The saturation control has a range of 6 dB, as indicated by the SAT control range line in FIG. 2. The saturation control signal can increase the chroma signal amplitude, which increases saturation, by up to 6 dB. In addition, the PIX control can attenuate the chroma signal by up to 18 dB, as shown by the PIX control range line in FIG. 2. The PIX and saturation controls may be arranged as a single control, if desired, with a range of chroma gain adjustment from +6 dB to -18 dB. However, these controls are shown as separate controls in FIGS. 1 and 2 to provide user gain control similar to that employed in an RCA Colortrak system, referred to above.
In addition, a chroma overload gain factor is derived from the chroma overload detector 60. For signals which do not exceed a reference level, the chroma overload gain, termed COD gain, has a nominal value of one (0 dB). As chroma overload increases, the COD gain value decreases to attenuate the signal, as shown by the COD gain line of FIG. 2.
The burst sampler 24 operates to sense the level of the color burst signal component. Referring to FIG. 3, several cycles of a nominal burst signal 110 are shown. The nominal burst signal has a peak-to-peak amplitude of 40 IRE units. The digital comb filter 12 produces a chroma (C) signal comprised of digital samples in two's complement notation. In two's complement notation, these digital samples of the chroma signal will vary about the middle of the digital number system, which has a value of 00000000 for an eight-bit number system, or a decimal value of 0.
The dynamic range of the eight-bit number system extends from a value of 10000000 (-128) which corresponds to -60 IRE units, to a value of 01111111 (+127) which corresponds to +60 IRE units, as shown in FIG. 3. The burst sampler 24 samples the value of the burst signal at the signal peaks, as shown by sampling points, A, B and C. When the burst signal is at its nominal 40 IRE level, the burst peaks will be at the +20 IRE level, which corresponds to a normalized value of 42 2/3, or a digital value of approximately 00101011 (+43). The burst sampler may be controlled to sample the peaks of several cycles of the eight to eleven burst cycles per line. The sum of three of these samples for a 40 IRE burst signal should be 10000000 (+128), which corresponds to approximately 60 IRE. This is a normalized value of 1 in the embodiment of FIG. 1. Thus, for instance, the burst sampler 24 may be controlled to sample three burst signal peaks during each of 128 video lines. These sample values can then be summed and the sum divided by 128. The result of this calculation will be a normalized value of 1 for a nominal burst signal level. The ACC circuit will then act to adjust the gain of the system to correct for variations from this normalized value.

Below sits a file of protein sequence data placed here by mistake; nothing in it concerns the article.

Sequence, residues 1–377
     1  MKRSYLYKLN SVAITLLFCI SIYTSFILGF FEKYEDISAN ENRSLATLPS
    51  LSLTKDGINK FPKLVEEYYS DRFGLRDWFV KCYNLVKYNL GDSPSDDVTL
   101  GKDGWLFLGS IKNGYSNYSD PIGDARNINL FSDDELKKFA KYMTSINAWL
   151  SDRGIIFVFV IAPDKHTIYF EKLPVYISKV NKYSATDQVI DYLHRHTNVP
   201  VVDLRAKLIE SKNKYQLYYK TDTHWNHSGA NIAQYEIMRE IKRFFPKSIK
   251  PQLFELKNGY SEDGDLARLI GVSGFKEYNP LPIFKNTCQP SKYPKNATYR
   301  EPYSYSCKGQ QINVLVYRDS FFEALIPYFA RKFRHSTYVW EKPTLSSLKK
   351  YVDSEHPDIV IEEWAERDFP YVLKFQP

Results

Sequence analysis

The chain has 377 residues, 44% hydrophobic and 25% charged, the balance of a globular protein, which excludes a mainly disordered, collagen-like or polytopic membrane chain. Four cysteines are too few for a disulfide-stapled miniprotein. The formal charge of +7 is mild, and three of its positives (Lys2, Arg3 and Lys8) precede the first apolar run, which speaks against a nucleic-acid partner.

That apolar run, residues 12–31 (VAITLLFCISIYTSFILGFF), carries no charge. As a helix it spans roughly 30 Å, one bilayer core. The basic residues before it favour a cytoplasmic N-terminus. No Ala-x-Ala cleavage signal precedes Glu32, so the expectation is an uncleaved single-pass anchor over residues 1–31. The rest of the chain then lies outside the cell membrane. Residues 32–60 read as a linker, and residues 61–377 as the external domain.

The burst sampler 24 of FIG. 1 may be constructed as shown in FIG. 4. The vertical drive pulsed, produced by the deflection system (not shown) of the television receiver in the conventional manner, resets a line counter 224 and clears a field accumulator 220. With the line counter reset, its 128 output line produces a low signal, causing an inverter 226 to produce a high signal. In response to this signal, an AND gate 190 is enabled to pass the next horizontal synchronizing pulse produced by the deflection system. The trailing edge of the horizontal synchronizing pulse sets flip-flop 202 of a delay circuit 200, and also clears a line accumulator 214. When flip-flop 202 is set, a counter 204 is enabled, and begins to count cycles of a 3.58 MHz clock signal. When the counter 204 reaches a predetermined count, count decode logic 206 produces a pulse which resets flip-flop 202 and sets a flip-flop 210. The purpose of the delay circuit 200 is to delay the setting of flip-flop 210 relative to the horizontal sync pulse until the burst signal interval of the video signal is present at the input of the line accumulator 214.